I want to do research on different companies and start with some low priced stocks to get a feel how this will work for me until I am comfortable buying pricier stocks.

This is the #1 pitfall for most new investors. A stock is not cheap because of its price. A $1 stock could actually be more expensive in many ways that a $100,000 stock. Sounds weird but it's true.

Imagine company A:

It sells for $1. There are 10,000,000 shares out. It makes $50,000 in a good year, but it's been a bad year. They lost $15,000. They have $250,000 in cash and $5,000,000 in debt.

Imagine company B:

It has only 100 shares priced at $100,000.
That $100,000 is certainly expensive. But what it that company had $5,000,000 in cash, and earned $400,000 annually?

If you could buy the whole company, which would you buy, A or B?

You could buy all of A or all of B for $10,000,000. They are effectively the same price.

That's the measure of "cheap". If you focus on share price, you lose the big picture.

The same is true for the pieces of A and B that you might be buying.

One $100,000 share of company B is backed up by $4,000 of earnings and $50,000 in cash. That's $0.04 of earnings per dollar spent plus $0.50 of cash in its accounts for every dollar you spent.

How about company A? Each $1 share is backstopped by $0.005 in annual earnings in a good year (but a LOSS this year) and $0.025 in cash. And it comes with $0.50 worth of debt to boot! There's nothing cheap about it!

The biggest mistake many people make is confusing share price with value. They have nothing to do with each other. It's simply not true that a cheap share price means a cheap stock. It's most often the case that a $1 stock is worth virtually nothing (especially in a strong market; it's $1 for a reason). They are companies that are almost always in severe financial distress. That makes them unsuitable as investments. They're solely trading assets, or control assets in preparation for bankruptcy/reorganization. (Plenty of people make money trading stocks. But that's not really about value. It's about momentum. It's a whole different ball game. Some traders ignore fundamentals altogether.)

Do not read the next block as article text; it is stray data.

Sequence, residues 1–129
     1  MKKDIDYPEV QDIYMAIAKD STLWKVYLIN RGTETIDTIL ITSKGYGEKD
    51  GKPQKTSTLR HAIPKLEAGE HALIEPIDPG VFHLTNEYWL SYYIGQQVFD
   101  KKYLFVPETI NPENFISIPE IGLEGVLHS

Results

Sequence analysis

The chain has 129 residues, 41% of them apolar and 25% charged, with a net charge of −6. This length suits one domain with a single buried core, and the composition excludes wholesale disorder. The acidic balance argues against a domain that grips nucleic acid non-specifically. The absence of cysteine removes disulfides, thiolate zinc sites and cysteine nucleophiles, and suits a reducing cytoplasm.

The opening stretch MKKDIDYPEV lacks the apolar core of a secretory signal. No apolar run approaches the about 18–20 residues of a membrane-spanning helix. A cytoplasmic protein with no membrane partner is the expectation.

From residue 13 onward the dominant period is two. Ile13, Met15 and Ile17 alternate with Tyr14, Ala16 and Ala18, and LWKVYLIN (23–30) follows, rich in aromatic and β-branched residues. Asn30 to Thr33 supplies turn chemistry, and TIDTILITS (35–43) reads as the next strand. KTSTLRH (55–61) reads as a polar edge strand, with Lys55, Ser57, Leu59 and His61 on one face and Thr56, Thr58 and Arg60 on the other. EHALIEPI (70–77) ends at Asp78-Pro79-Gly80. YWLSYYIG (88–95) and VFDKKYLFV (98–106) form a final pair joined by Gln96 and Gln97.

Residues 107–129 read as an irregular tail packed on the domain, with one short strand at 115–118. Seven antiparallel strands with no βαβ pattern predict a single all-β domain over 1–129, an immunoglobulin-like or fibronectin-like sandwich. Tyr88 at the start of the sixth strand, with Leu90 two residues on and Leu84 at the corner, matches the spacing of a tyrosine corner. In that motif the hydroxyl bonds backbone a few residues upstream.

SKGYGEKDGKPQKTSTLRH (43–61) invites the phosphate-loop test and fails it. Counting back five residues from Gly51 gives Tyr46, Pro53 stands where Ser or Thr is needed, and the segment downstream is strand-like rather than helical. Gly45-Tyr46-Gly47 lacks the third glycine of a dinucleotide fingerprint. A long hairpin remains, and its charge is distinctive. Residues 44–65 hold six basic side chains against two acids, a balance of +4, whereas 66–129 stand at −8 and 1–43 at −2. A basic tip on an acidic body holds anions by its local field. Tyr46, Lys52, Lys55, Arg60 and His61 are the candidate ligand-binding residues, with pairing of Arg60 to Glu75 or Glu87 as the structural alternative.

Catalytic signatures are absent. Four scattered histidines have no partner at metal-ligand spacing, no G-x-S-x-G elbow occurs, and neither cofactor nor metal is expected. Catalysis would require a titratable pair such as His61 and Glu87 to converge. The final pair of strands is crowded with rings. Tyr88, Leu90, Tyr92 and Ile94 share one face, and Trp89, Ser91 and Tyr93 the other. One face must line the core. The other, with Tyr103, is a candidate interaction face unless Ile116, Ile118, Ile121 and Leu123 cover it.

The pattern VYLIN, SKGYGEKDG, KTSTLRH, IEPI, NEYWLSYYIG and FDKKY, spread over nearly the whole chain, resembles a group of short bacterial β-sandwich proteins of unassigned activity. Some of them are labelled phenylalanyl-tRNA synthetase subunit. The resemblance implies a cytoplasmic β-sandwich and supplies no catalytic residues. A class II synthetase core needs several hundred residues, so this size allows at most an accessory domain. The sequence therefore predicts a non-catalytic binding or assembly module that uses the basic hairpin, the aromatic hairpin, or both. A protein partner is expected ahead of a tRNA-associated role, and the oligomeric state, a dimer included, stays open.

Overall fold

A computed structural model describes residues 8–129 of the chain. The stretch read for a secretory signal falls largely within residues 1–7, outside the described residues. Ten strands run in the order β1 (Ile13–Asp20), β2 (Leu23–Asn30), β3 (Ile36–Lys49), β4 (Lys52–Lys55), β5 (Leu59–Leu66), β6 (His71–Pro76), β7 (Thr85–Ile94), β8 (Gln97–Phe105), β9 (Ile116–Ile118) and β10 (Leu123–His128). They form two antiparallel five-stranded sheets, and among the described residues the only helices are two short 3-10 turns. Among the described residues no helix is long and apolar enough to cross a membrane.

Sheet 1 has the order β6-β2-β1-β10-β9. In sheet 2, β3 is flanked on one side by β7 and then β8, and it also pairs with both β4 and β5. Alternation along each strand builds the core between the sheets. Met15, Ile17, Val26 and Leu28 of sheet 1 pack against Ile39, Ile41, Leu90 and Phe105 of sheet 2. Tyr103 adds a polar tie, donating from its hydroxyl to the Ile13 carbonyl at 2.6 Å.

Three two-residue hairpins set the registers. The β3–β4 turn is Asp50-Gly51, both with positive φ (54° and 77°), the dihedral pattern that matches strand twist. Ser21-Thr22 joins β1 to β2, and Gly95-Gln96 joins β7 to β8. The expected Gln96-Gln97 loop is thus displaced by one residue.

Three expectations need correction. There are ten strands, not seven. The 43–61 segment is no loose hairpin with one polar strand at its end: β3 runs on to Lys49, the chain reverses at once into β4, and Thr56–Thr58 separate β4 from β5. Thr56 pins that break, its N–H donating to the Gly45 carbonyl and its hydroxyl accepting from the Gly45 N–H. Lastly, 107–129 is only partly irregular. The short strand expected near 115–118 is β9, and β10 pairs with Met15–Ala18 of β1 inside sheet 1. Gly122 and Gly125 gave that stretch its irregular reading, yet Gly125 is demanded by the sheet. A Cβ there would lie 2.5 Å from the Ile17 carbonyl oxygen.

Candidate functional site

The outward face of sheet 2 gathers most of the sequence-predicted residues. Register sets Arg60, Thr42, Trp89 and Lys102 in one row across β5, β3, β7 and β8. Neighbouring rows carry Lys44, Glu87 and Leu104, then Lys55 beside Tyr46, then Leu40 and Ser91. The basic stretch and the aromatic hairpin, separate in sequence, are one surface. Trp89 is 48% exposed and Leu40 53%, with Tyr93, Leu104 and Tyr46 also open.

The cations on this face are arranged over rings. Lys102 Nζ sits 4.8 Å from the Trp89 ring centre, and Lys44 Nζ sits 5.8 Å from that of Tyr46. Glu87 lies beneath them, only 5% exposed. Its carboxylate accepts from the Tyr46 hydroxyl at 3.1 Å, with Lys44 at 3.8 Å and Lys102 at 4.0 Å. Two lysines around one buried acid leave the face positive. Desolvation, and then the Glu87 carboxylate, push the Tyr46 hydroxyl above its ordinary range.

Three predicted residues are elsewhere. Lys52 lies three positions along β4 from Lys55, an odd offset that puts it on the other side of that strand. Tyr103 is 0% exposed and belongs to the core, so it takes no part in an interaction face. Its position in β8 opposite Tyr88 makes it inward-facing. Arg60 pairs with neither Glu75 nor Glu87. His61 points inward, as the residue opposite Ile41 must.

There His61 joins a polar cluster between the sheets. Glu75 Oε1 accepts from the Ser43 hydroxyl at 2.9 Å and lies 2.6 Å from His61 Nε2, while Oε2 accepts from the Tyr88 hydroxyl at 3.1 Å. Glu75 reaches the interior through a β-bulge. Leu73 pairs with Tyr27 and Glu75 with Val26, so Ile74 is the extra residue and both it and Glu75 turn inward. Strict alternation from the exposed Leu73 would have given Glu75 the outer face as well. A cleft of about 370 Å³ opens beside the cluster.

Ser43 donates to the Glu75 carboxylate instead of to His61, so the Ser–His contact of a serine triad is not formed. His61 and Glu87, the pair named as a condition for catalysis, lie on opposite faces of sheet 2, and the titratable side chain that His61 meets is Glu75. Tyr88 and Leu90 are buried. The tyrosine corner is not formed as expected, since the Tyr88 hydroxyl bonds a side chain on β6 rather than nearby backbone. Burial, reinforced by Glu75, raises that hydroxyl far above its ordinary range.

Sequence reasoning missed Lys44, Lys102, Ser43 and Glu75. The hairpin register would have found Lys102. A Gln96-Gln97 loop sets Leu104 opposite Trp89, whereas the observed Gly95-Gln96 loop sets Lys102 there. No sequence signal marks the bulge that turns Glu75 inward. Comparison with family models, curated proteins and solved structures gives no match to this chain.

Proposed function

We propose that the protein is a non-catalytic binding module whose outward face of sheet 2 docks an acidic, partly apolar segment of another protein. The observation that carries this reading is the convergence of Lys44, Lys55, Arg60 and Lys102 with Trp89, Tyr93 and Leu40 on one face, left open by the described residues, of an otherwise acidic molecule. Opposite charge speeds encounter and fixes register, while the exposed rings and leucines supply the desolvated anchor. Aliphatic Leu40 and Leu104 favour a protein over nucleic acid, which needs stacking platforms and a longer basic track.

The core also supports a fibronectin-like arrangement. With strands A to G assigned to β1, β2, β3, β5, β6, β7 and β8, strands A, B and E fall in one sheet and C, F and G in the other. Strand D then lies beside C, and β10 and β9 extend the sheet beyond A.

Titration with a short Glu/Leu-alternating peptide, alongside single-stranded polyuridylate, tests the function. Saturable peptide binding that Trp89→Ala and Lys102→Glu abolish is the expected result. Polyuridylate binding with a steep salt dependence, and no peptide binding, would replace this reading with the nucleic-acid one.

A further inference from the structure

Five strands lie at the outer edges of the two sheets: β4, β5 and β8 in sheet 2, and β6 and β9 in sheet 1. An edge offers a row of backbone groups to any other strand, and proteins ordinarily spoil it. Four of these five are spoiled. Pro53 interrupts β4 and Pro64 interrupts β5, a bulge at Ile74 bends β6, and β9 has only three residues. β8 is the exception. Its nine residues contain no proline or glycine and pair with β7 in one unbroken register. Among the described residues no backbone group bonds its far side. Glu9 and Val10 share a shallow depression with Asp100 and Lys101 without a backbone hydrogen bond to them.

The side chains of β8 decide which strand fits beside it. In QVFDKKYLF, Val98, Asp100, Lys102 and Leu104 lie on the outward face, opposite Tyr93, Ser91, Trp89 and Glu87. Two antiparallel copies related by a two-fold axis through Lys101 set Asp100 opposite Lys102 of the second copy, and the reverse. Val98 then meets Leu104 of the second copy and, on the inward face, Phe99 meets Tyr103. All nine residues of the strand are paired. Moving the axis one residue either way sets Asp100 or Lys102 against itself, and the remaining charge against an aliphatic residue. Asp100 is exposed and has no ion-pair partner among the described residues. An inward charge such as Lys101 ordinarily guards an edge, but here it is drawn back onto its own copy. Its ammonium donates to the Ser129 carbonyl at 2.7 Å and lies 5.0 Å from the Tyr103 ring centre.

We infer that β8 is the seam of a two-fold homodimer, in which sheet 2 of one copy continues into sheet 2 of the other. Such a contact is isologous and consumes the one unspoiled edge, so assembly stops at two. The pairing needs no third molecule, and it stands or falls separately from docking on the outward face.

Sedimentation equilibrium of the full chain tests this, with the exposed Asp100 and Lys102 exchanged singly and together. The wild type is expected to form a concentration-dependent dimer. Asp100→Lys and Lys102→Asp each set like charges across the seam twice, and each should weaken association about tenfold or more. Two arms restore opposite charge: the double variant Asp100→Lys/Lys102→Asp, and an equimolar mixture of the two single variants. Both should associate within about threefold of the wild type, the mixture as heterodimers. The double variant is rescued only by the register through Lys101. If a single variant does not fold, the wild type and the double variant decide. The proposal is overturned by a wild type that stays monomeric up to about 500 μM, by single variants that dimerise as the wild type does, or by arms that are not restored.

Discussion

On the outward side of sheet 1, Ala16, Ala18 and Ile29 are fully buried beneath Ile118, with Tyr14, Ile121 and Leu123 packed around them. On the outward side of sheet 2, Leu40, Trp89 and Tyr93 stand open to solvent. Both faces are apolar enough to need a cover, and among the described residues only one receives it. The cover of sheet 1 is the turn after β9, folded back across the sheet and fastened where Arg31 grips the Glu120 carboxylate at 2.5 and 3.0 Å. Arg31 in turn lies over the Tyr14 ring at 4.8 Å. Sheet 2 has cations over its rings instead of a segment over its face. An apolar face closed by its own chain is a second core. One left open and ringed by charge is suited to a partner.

If you want to learn to pick individual stocks, ignore price and investigate some of the respected names. Read up a little on their financials. Read press releases and articles. Listen to a conference call. Learn why you think they would be a good company to run or own. Those good companies are the companies to focus on. Don't dumpster dive. It takes a lot of experience to dumpster dive and even then you'll get it wrong. Cheap does not equal a good investment. One share of Apple might look expensive, but it's worth a whole lot more than $200 worth of a $1 stock. You may get lucky in the pennies and make money. But it's because you got lucky on a $1 scratch off lottery ticket.

It's all so tempting to a lot of newbies. You can see some amazing pops in penny stocks, but there's a reason. People are intentionally trying to manipulate them. Resist the urge. The occasional huge pops are often followed by huge crashes. These are shark infested waters that are rarely if ever backed by fundamental value.
Print the post Back To Top
No. of Recommendations: 1
"I want to do research on different companies and start with some low priced stocks to get a feel how this will work for me until I am comfortable buying pricier stocks"


just a side note - figuring out how the market and stocks work does not necessarily
need to use "penny" stocks. There are several companies that have "direct purchase"
plans where you can buy stock directly from the company. While they typically have a
minimum purchase amount, this is not too high a hurtle for some companies.
Many of the plans are extensions of dividend investment plans.
My wife and I started investing in this way - taking $1000 to invest in 5 or 6 stocks
and mutual funds.
Print the post Back To Top
No. of Recommendations: 0
Sorry - the reply went early for some reason

Also, you can frequently buy stock in local utilities directly - e.g. Duke Power, First Energy -
although FE may not be a wonderful choice right now.

Good luck either way you choose.
Print the post Back To Top